Review: Challenger Deep

Challenger Deep might not be your typical resort pool-side read but this mind-splitting psychological YA fiction had me from the first glimpse of its ambiguous cover art (of the Australian edition) and the first improbable, incongruous lines: There are two things you know. One: You were there. Two: You couldn’t have been there. Plus, Neal Shusterman, so … this is what accompanied me to the sunbeds.

Deep, mysterious, soul crushing, Neal Schusterman oscillates fifteen-year-old Caden Bosch between reality and madness with unnerving accuracy in an intensely immersive narrative about mental illness. I’m not sure why it took me until now to dip into this one but if stories have a way of finding you at the exact time you need them, then Challenger Deep hit its mark with me.

Life often resembles a rollercoaster ride. In recent times, mine’s been more of a washing machine of anguish and tortured emotions. At least you can open your eyes on a rollercoaster. Let out a scream now and then. Perhaps even get a glimpse of the end. Trapped and tumbling in a washing machine is a far more tumultuous experience, one I think Caden shares with many young, and not so young people.

Caden is smart and artistically gifted. He has a small but tight circle of friends with whom he shares and explores his interests and talents. His family is depressingly normal. He’s the reliable big brother you’d read about but he is markedly torn. He’s supposed to be trying out for the school track team but abandons that quest for something far more portentous. He is designated as the artist-in-residence aboard a ship that’s headed to the deepest point on earth: Challenger Deep, part of the infamous Marianas Trench. His task, although ambiguous at first, is to document the journey under the benevolently tyrannical eye (singular because he only has one) of the Captain.

Life aboard the Captain’s vessel is wretched and bewildering. Crew members are spiritless and recluse. The ship exhibits unnerving elements of enchantment. And there is mounting unease between the first mate (a talking Parrot) and the malevolent Captain.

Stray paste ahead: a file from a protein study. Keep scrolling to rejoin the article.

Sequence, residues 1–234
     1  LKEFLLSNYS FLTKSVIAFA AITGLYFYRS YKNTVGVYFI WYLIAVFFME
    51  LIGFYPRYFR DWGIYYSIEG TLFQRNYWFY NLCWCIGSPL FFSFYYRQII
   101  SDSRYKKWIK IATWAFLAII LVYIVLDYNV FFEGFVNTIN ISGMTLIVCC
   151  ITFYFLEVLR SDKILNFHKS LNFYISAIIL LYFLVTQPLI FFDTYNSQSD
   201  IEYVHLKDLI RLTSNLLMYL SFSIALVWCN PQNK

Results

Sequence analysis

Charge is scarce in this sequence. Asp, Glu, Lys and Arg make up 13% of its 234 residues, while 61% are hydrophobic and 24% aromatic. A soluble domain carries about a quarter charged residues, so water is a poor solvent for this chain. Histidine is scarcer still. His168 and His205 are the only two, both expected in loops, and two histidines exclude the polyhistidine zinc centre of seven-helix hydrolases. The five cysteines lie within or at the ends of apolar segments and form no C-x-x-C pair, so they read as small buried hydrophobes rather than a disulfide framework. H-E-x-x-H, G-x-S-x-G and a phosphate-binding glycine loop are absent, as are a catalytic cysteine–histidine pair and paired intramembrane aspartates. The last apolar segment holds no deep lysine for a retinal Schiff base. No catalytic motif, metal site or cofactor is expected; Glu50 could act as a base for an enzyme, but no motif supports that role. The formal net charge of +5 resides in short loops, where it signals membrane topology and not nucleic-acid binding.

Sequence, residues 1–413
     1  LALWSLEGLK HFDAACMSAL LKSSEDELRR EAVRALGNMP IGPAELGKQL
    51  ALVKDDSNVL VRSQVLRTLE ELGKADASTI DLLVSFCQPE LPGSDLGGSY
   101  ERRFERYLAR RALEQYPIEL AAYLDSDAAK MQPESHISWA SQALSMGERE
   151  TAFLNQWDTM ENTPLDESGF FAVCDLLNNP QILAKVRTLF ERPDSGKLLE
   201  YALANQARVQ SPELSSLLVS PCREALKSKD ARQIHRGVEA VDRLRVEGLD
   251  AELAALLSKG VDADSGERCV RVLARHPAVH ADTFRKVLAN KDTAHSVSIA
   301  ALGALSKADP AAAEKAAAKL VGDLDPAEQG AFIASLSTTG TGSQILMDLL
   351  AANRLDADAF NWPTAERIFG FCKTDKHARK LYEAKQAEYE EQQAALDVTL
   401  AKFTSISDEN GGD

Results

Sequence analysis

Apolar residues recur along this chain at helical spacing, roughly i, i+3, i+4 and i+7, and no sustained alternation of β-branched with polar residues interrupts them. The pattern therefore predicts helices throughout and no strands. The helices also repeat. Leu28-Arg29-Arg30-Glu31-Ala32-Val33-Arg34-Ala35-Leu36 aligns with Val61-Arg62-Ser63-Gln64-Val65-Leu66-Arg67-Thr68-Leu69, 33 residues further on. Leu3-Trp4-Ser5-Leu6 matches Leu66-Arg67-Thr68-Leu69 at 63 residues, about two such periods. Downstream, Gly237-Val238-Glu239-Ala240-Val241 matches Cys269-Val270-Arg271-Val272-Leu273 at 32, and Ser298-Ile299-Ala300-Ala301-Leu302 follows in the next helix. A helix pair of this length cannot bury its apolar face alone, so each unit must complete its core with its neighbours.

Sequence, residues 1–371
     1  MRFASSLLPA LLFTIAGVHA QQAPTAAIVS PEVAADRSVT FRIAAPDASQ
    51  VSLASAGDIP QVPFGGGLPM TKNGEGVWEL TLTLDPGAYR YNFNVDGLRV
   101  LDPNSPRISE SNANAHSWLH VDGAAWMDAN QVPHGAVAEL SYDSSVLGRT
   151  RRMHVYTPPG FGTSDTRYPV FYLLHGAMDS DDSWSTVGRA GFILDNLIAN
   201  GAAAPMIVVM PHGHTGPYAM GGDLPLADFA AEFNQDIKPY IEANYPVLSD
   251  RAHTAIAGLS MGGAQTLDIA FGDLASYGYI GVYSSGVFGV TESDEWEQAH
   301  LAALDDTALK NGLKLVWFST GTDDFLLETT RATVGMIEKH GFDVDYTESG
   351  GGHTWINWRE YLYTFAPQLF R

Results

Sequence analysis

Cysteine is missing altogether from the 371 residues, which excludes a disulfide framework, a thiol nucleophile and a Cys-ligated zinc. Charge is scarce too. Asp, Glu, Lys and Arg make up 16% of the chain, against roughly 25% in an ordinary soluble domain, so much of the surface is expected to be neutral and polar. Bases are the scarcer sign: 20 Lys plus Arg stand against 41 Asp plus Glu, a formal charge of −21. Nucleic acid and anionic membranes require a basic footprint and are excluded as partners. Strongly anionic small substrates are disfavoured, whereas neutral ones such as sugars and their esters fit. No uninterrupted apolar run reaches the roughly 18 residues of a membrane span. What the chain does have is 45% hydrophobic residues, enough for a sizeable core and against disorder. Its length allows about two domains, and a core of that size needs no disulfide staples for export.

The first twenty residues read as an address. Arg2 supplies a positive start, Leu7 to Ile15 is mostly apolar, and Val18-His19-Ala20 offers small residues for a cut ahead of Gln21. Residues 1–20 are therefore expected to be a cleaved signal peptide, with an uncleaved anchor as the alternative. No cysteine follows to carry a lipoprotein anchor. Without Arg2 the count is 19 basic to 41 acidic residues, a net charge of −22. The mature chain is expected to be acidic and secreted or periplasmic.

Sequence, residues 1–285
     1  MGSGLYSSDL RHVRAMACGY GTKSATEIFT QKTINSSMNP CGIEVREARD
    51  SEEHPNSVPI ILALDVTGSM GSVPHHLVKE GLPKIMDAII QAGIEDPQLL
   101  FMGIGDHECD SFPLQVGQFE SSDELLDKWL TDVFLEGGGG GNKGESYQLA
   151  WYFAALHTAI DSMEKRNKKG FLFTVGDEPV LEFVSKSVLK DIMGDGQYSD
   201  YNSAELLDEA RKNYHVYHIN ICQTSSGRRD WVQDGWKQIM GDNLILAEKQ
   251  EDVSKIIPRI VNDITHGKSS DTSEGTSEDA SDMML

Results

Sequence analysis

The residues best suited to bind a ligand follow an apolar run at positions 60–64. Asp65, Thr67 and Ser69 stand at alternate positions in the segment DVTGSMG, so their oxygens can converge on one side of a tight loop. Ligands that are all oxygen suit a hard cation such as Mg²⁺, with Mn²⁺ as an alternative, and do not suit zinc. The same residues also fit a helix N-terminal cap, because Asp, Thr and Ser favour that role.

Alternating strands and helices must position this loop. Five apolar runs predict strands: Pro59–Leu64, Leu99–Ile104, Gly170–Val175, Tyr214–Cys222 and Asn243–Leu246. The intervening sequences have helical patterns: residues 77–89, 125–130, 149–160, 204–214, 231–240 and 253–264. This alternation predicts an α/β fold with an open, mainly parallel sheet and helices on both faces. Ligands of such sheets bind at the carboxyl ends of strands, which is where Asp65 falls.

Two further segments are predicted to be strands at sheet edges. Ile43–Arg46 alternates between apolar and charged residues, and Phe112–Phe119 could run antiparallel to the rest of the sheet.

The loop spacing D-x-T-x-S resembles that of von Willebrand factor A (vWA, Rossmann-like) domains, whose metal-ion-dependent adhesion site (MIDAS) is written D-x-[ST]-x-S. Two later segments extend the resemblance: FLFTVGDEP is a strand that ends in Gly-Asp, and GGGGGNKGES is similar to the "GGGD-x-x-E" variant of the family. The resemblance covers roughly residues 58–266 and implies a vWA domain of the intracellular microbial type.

This is where the superb metaphorical prowess of Schusterman’s tale takes on a life of its own. Close your eyes and it’s not hard to imagine yourself veering through the grody atmosphere of this ship. You want the voyage to reach its destination but are fearful of what happens once it does. At some level, I am sure many of us have felt themselves trapped aboard a ship to nowhere (good). I know I have. It’s simultaneously mind blowing being at sea, alive, and boundless but at the same time, all that nothingness is terrifying. It shrinks one’s soul and promotes extreme desertion.

Artwork by Brendan Schusterman

We are saved from utter despair whilst at sea thanks to Caden’s flashes of ballsy bravado. He exhibits fear and fortitude interspersed with welcome comic disdain but is intelligent and compos mentis enough to keep his mouth shut. Or is he? While he wastes time in the crowsnest with fellow crew members and aimlessly walks the streets of his neighbour, his schoolmates are feeling his disconnect more and more. Caden’s ocean voyage, explicit dreams and school yard exchanges gradually weep into each other in a persuasively perturbing way. Caden can barely distinguish between his realities as his schizophrenia takes a stranglehold, however as his existences converge, our realisation focuses, and the parallels of his recovery dawn.

The voyage of Caden's mental decline then eventual phoenix-esque recovery cuts close to the bone but also provides a safe port of comfort for teens and young people enduring their own ocean of mental suffering. The lingering, heart-soaring significance of Caden’s experience is that you are never alone no matter how adrift and disordered you may feel. No matter how much of ‘the Overwhelming Never fills your life. Ever.

I won’t disclose the myriad of other treasures that this story holds. The discovery is all part of the odyssey of life, a journey which wearies and warps some of us more than others but stories like, Challenger Deep evince (young) people that there is always a light to be found even in the darkest of trenches. This is a powerful and transformative read for sufferers of mental illness as well as those who suffer alongside them.

And so, with an uncanny pirate crew, a fathomless fear, and a teen who learns to see beyond the horizon, Challenger Deep proved the perfect metaphorical read to soak up on an island in the Coral Sea. I recommend you take the dive, too.

Title: Challenger Deep
Author: Neal Schusterman
Publisher: Walker Books, $18.99
Publication Date: August 2020
Format: Paperback
ISBN: 9781406396119
For ages: 14+
Type: Young Adult Fiction

Buy the Book: Walker Books, Boomerang Books


For more insight into this astonishing book, read the Kids' Book Reviews by Jo Antareau and Karen Mitchell.

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